Horses of History: Doc Bar


It’s not often that one animal can change the entire course of its breed – but that’s exactly what a chestnut Quarter Horse by name of Doc Bar did in the latter half of the twentieth century. Considered to be among the most influential sires of cutting horses, Doc Bar was and is still hailed by Quarter Horse fanciers as a stellar specimen of the breed.

Sixty years ago, in 1956, a mare named Dandy Doll delivered a little chestnut foal on a ranch in Arizona owned by Tom Finley. The foal was named Doc Bar, continuing a line of ‘Bar’-named colts descending from his legendary grandsire Three Bars. Doc Bar’s pedigree is star-studded; on the paternal side he had almost completely Thoroughbred blood, and on the maternal side, almost completely Quarter Horse. He had several prominent stallions in his pedigree, including My Texas Dandy.

When Doc Bar was two, Finley sent him to the Quarter Horse races in Tucson in hopes of developing him as a star racer, but Doc Bar proved to be much less than a star. In four starts, he came away with less than $100 in winnings and his racing days came to a swift halt—the only thing “swift” about his career as a racer.

But his defeats on the track only paved the way for his true calling. In the show ring, Doc Bar racked up numerous championships, and his potential as a sire quickly became apparent. In 1963, Finley sold him to California ranchers Dr. and Mrs. Stephen Jensen for $30,000. You can get an idea of what an extremely valuable animal Doc Bar was by that figure; it may not seem like an exorbitant amount for a champion horse today, but when you adjust for inflation, that $30,000 investment would equal over $225,000 today. Undoubtedly, the Jensens recognized Doc Bar as a quality animal, and he proved them to be absolutely correct!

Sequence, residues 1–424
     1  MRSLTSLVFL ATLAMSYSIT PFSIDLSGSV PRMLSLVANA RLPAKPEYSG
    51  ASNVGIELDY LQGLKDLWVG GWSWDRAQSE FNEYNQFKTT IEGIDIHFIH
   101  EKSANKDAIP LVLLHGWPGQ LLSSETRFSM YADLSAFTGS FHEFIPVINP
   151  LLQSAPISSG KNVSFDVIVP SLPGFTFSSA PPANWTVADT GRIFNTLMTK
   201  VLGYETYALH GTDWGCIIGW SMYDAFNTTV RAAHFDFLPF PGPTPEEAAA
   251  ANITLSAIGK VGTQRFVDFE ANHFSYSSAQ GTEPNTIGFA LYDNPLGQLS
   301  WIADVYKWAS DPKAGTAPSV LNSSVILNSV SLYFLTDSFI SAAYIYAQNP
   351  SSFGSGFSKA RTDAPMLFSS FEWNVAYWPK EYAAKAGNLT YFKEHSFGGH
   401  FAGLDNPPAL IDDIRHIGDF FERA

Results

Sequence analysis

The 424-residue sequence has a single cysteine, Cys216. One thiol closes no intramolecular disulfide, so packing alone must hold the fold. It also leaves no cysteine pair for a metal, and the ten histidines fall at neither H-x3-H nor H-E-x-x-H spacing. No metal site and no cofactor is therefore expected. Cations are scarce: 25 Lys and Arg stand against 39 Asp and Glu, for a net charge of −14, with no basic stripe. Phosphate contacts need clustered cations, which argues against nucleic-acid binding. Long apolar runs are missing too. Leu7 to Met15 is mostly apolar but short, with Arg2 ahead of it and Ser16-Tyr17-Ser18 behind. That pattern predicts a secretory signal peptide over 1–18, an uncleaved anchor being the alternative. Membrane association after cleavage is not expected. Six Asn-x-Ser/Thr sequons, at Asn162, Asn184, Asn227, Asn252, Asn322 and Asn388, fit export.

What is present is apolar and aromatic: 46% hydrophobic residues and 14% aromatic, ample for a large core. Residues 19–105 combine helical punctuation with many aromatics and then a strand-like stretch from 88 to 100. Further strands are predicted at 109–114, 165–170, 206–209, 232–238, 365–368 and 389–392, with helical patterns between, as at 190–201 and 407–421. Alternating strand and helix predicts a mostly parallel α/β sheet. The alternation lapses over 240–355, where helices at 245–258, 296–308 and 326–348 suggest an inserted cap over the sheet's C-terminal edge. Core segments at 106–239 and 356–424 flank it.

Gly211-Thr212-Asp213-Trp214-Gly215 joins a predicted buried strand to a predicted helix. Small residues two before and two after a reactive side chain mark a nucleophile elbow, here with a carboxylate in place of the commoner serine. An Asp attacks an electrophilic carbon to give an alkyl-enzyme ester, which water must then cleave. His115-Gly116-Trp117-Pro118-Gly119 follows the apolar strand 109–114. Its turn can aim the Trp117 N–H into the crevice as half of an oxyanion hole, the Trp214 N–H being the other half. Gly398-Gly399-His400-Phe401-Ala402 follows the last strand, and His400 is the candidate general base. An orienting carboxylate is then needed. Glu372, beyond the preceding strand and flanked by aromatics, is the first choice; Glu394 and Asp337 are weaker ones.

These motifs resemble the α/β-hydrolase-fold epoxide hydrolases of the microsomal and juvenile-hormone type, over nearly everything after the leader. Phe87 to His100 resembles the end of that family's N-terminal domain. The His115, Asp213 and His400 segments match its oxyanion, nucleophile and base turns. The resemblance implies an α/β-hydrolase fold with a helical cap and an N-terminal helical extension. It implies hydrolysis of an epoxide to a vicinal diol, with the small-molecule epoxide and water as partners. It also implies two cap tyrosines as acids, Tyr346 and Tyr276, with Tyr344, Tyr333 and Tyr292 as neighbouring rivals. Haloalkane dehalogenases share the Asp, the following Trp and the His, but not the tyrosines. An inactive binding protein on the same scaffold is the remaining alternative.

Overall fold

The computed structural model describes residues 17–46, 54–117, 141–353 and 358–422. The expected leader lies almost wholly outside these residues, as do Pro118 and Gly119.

Doc Bar


Doc Bar’s progeny took the cutting horse world by storm. Anyone familiar with the sport knows the names and achievements of such Doc Bar descendants as Doc O’Lena, Smart Little Lena, and Lynx Melody. Doc O’Lena became a prolific sire in his own right, siring over 1,300 foals.

One of the keys to Doc Bar’s success as a sire was his prepotency. He sired consistently talented, handsome offspring, and his descendants are still making their mark—they have amassed thousands of AQHA points, collectively, with the number still climbing. It’s quite clear that the influence of Doc Bar will continue to have an impact on the Quarter Horse breed for generations to come.

More Horses of History:

Samantha Johnson is a freelance writer and the author of several books, including The Field Guide to Horses, (Voyageur Press, 2009). She raises Welsh Mountain Ponies in northern Wisconsin and is a certified horse show judge. Follow her on Twitter: @miraclewelsh.


  1. Good article. I’d like to correct something, however. Quarter Horses are called sorrel when they are red like Doc Bar, not chestnut. Since he was a registered Quarter and not a Thoroughbred, which breed does use the term “chestnut” for red horses, I felt a comment was in order. Chestnut usually refers to a horse with a darker body color and a much lighter mane and tail, such as a palomino. Enjoyed reading about him.

  2. Hate to argue the “sorrel” comment…chestnut and sorrel are the same….palomino is not. Whether a horse has a red or flaxen mane does not change the base color. A palomino will have a white pearl or platinum mane/tail. Completely different from a chestnut/sorrel. In the east we call them chestnut, out west….sorrel. Still the same.

  3. Actually, both the previous comments have incorrect info. Chestnuts, according to AQHA, are darker, red-brown. Think what most non-stock horse people would call liver chestnut or liver…. Although liver is a color in itself, I use the example to explain that chestnut is closer to that, having more brown. The bright, copper color known as chestnut to hunt riders in called sorrel in AQHA and other stock horse registries. It appears that Doc Bar was listed a chestnut on his papers. A palomino is the result of a dilution gene combined with either of the red based coat colors. Basically if you dilute the red horse you get a yellow one. A horse with a dark body and a light mane is not necessarily a palomino. 🙂

  4. i was taught that a sorrel horse was red, or reddish/brown bodied and had a more flaxen mane and tail… a chestnut horse had a red body reddish/brown body and red mane and tail.. in the western world…. in the english world they called almost all red horses chestnuts….

  5. also i have a doc bar son, who is registared as a sorrel..he is beddish brown with a flaxen mane and tail, though it was gotten more red as he has aged. he is now 35

  6. For what reason,stolen herds 1982 & present I.D. theft blood stock grand theft, again 1993, 1996,1997,2004,2008,2009,2010,2011,2012,2013,2014,2014,2015,2016,2017 ?


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